An Antiquarian's Tale, Issue 110

Clinton Howell Antiques - January 11, 2021 Issue 110
An Appreciation of English Antique Furniture
A semi biographical journey of my life in the English Decorative Arts
I am currently reading a book called, "The Shape of Time", by George Kubler. It is a type of book that I refer to as being a theory of everything, an attempt to explain how time, as the title suggests, shapes our world in a steady fashion--that newness and innovation are the expected results of continued replication and are, mostly, incremental. In addition, I was also at an exhibition at the Metropolitan Museum called, "About Time Fashion and Duration" which I think Professor Kubler would have seen, at least in part, as a visual explanation of his book. But there is a question that has occurred to me in regards to replication and innovation. Kubler's thesis, if I understand him correctly, is that time, like water dripping on rock, creates a shape and that the human contribution of any one moment to the shaping of the rock is infinitesimal.  And when you see the dresses on display, where a dress from an earlier date is paired with one of a later date, you see that very little is "new".  My question is where does the concept of taste, also called style, sit in this theory?

Taste is complicated to parse simply because it is both proactive and reactive. For example, I have mentioned how Lord Burlington was an avatar for the Palladian style in London because he believed that it was the proper style for a republic and that Britain was the first proper Republic since Roman times. Obviously, he was trying to establish a style based on his beliefs. But if you jump ahead to Thomas Hope's, "Household Furniture and Interior Decoration" (1807) you see a reaction to, or more aptly against, current taste, a desire to go in a new direction. Clearly, taste is extraordinarily important in shaping events, shaping space, shaping thought and steering society so clearly there is a role for understanding taste. It is the influencers of taste therefore who, in a small way, are responsible for innovation heading in a particular direction. If you look at the water dripping on the stone, taste might be the wind that causes the drip to move just a hair, the beating of the butterfly wings that in the short run are incidental, but in the long run are consequential.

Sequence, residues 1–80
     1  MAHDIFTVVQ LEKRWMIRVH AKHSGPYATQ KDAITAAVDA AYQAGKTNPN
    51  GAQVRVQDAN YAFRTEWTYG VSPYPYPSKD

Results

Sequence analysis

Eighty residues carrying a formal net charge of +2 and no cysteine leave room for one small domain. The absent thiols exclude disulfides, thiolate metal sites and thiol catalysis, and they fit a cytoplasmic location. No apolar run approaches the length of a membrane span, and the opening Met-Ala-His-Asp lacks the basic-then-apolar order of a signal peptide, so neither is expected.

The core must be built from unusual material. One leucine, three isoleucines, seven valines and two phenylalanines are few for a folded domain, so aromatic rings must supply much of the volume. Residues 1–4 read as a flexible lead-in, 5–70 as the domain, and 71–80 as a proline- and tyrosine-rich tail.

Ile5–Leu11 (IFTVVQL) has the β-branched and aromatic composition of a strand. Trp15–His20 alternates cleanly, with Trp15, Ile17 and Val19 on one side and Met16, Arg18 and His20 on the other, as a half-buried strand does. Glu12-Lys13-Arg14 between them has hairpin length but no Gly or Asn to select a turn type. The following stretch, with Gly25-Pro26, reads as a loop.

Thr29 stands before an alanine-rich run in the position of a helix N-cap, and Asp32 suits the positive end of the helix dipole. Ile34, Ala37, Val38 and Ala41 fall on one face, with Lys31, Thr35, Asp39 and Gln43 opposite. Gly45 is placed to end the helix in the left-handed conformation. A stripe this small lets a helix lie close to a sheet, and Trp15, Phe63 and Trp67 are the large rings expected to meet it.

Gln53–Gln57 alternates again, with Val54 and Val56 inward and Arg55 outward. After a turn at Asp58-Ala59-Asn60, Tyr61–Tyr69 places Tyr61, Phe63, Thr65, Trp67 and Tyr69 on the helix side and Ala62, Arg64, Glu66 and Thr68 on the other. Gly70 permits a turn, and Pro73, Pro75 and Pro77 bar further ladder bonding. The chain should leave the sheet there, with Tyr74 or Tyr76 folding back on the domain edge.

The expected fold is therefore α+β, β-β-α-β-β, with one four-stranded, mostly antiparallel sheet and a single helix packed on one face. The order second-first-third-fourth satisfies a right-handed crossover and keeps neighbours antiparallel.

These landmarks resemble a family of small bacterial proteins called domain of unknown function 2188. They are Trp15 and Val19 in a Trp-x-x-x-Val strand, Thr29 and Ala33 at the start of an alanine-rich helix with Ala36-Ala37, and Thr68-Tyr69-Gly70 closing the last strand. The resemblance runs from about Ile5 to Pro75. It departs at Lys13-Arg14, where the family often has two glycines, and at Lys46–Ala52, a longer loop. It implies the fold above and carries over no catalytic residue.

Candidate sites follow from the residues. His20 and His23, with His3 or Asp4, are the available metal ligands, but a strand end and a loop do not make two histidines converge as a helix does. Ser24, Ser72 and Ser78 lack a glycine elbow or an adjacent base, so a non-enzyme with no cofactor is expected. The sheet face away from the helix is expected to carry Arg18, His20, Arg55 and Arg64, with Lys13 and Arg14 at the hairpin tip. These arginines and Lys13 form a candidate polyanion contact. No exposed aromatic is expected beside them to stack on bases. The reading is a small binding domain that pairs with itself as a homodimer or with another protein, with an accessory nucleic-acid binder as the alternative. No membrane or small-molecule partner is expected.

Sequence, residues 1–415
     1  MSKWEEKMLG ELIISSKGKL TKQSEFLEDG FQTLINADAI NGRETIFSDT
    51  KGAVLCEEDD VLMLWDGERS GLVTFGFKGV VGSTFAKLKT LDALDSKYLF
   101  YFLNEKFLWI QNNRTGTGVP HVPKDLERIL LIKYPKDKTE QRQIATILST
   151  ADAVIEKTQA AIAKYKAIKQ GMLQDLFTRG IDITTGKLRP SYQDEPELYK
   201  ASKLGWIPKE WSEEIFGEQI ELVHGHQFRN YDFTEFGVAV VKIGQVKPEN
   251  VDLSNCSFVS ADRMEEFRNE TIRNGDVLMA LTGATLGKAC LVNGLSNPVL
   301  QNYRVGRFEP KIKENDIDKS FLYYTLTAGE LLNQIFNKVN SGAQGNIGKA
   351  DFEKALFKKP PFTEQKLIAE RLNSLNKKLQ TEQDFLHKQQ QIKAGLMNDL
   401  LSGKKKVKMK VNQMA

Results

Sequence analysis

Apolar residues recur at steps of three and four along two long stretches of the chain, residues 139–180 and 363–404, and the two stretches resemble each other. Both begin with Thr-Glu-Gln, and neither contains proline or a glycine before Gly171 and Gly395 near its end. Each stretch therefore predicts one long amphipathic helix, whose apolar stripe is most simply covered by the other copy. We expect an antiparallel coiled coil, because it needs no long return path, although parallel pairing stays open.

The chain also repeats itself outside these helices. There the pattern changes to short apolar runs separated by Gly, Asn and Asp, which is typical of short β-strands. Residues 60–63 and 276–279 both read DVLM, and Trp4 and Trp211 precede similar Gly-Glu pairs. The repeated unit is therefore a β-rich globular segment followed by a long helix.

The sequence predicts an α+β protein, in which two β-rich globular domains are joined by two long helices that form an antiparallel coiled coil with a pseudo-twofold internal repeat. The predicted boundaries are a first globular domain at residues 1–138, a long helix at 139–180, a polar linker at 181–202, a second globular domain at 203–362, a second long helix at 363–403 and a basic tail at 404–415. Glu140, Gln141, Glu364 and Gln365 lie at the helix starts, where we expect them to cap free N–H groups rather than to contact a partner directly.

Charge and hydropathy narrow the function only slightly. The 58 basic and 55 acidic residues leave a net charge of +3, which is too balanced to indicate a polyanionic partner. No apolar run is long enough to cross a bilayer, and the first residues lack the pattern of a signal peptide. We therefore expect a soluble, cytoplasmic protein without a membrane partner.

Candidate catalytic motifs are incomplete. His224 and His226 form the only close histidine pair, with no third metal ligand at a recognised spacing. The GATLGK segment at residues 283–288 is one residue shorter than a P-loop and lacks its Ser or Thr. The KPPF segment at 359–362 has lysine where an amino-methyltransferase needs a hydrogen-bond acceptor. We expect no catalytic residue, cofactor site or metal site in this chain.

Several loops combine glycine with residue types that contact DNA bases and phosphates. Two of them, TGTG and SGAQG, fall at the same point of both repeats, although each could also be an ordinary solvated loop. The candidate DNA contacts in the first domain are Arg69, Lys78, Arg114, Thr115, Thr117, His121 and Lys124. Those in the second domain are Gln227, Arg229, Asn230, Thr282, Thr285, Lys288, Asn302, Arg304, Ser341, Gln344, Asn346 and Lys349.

We can't avoid taste--on a personal level, it is something we all have and depends wholly on how deeply you wish to involve yourself in the choices you make from what you wear to what you buy to where you live. Income, of course, will make a difference, but it is not the defining factor of taste by any stretch. Taste is like writing--you need to know grammar, you have to have a decent vocabulary and you have to be willing to try things and make mistakes. I remember the early issues of the magazine, "Interiors", before it made it to the US and was only available in the UK. The photography was superb, but what was really great was the broad range of tastes on display. They were not like country houses I have been writing about in the slightest. Instead they were visions woven by people who really cared to live in an environment that was they had shaped. Furthermore, you could be appalled by an interior, but admire it just the same. Like writing, taste is variable, witty, warm, amusing, severe, dramatic, what have you--it is a conscious choice about how you wish to live. It is also a concrete record, if recorded, of how you live(d).

My interest in taste is due to my passion for English furniture. English furniture of the 18th century is the visual representation of a history, but there is a lot more than what we see in one particular piece. There are the tools, the apprentice system, the workshops, the changing society and the daily incremental change they all undergo--all of this is represented in the decorative arts in stories that are both alive and some that will never be told. To see the shaping of furniture styles through the 18th century is much like the exhibition of fashion that I saw at the Met. Styles interweave--absolute innovations are minor, but details pop up from time to time which come and go. And yet the change over time in styles of chairs, for example, from 1700 to 1840, is visually quite dramatic. That the English craftsmen were so facile at woodworking and individual enough to try new concepts helped create a history of taste that is an extraordinary journey. My only hope is that the current disdain for 18th century English furniture doesn't cause us to lose this visual history because of its demotion to being "old fashioned taste". There's no such thing as far as I can tell.